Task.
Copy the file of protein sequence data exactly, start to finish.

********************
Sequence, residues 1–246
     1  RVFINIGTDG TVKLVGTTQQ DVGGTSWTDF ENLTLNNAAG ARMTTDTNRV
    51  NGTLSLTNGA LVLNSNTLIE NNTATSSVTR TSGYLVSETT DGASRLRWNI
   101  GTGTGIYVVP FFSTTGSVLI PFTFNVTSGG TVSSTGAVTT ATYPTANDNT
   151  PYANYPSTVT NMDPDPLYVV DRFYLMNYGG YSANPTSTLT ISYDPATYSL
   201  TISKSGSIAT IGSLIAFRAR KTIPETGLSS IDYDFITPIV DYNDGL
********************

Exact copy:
Sequence, residues 1–246
     1  RVFINIGTDG TVKLVGTTQQ DVGGTSWTDF ENLTLNNAAG ARMTTDTNRV
    51  NGTLSLTNGA LVLNSNTLIE NNTATSSVTR TSGYLVSETT DGASRLRWNI
   101  GTGTGIYVVP FFSTTGSVLI PFTFNVTSGG TVSSTGAVTT ATYPTANDNT
   151  PYANYPSTVT NMDPDPLYVV DRFYLMNYGG YSANPTSTLT ISYDPATYSL
   201  TISKSGSIAT IGSLIAFRAR KTIPETGLSS IDYDFITPIV DYNDGL